Tuesday, December 10, 2013

Why you should care about economic inequality -- and why Americans seeking to live the American dream should go to Denmark

Below is a TED Talk by British academic Richard Wilkinson about how economic inequality harms societies. Like all TED Talks, it's less than 20 minutes, and it only covers the basics. Nevertheless, it provides an excellent introduction to the topic of why you should care about economic inequality, a subject I'll be covering in far greater depth in subsequent posts on this blog.

A few days ago, someone on Facebook asked me just this question. He wondered why anyone should care about inequality -- if we just deal with poverty, isn't that enough? Putting aside for the moment that societies with high poverty rates tend to have high rates of economic inequality as well, and that it can be hard to attend to one of those problems without attending to the other, Wilkinson's talk helps answer my Facebook friend's question.

Wilkinson makes a couple of points well worth emphasizing:

-- Somewhat surprisingly, research shows that economic inequality hurts not only those at the bottom and middle rungs of the economic ladder, but those at the top as well.

-- It doesn't seem to matter much how a society gets to economic equality -- whether it's through a more compressed pre-tax wage structure or post-tax income transfers. Regardless of the policy mechanism it takes to arrive at equality, once a society is relatively economically equal, it tends to perform well on a host of social indicators.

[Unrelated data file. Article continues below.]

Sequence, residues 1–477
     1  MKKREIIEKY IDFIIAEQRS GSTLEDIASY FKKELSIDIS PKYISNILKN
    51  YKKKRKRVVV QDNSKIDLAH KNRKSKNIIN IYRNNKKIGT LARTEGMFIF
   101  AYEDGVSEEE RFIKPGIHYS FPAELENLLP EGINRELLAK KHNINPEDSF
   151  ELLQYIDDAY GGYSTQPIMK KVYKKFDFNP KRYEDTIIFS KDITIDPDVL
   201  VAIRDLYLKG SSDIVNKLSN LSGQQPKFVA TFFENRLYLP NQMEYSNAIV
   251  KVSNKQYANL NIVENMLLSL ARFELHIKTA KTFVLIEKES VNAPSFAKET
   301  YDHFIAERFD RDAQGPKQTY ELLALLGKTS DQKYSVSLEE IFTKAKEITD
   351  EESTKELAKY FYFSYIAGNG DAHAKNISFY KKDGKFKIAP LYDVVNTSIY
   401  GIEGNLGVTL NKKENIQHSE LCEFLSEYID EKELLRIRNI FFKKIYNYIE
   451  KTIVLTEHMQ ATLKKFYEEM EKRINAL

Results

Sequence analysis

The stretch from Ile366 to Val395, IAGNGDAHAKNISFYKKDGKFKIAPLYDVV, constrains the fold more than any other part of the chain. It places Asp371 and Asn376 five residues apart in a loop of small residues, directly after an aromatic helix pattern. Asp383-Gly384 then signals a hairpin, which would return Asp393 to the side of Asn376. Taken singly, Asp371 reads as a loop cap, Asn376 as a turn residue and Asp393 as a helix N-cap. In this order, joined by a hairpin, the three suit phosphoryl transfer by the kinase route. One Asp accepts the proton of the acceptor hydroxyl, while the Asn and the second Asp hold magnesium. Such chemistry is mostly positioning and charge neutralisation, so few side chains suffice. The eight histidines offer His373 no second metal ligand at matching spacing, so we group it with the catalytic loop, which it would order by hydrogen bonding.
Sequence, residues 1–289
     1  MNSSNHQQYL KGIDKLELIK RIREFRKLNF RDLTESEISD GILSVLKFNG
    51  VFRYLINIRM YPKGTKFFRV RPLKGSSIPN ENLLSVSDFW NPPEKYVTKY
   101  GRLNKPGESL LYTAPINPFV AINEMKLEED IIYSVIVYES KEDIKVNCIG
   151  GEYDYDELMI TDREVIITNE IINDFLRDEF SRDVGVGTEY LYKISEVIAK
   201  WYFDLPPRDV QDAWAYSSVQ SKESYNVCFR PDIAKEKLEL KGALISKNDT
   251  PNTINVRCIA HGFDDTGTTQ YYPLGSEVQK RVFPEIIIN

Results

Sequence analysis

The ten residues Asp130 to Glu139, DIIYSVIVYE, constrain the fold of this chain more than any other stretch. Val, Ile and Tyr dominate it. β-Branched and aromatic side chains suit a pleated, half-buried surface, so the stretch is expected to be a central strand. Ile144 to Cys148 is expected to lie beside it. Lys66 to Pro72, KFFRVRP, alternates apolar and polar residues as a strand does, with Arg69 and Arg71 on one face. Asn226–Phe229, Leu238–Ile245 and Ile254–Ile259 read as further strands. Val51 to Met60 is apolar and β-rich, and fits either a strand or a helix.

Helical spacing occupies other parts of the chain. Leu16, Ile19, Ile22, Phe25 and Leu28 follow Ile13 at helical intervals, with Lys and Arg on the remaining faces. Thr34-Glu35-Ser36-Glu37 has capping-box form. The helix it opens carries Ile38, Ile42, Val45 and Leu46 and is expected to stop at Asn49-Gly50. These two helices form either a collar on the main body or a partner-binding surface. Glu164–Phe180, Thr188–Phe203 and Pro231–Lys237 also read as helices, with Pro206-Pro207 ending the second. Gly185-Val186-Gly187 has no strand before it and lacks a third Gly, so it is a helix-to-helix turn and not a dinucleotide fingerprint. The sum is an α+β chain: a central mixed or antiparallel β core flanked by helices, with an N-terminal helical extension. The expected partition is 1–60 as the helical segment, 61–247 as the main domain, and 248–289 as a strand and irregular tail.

-- Perhaps the most fascinating part of this talk, to me, is when Wilkinson talks about why it is that unequal societies seem to suffer from far higher rates of social pathologies than their more egalitarian counterparts. According to Wilkinson, in unequal societies people live in a state of anxiety about constantly being judged, respected or disrespected, rated as inferior or superior according to their attractiveness, smarts, wealth, etc. This breeds psychosocial insecurities that are a recipe for societal dysfunction.

-- Finally, I liked his quip that,"If Americans want to live the American dream, they should go to Denmark." Indeed.

UPDATE: Honesty compels me to report that Wilkinson's social science methodology has been seriously called into question. I've ordered the book and will read it for myself, but based on an initial perusal, Saunders' critique looks persuasive.


  1. It's nice that a big hollywood A-lister like Harrison Ford is giving talks about inequality :)

  2. Well, Indiana Jones is an academic, after all. Maybe he got tired of digging up ancient ruins and found a new specialty?

  3. Didn't G.B. Shaw point out that it takes a square mile of squalor to finance a lot in Mayfair? (or someting like that)

  4. John, I don't know, but that's a great line!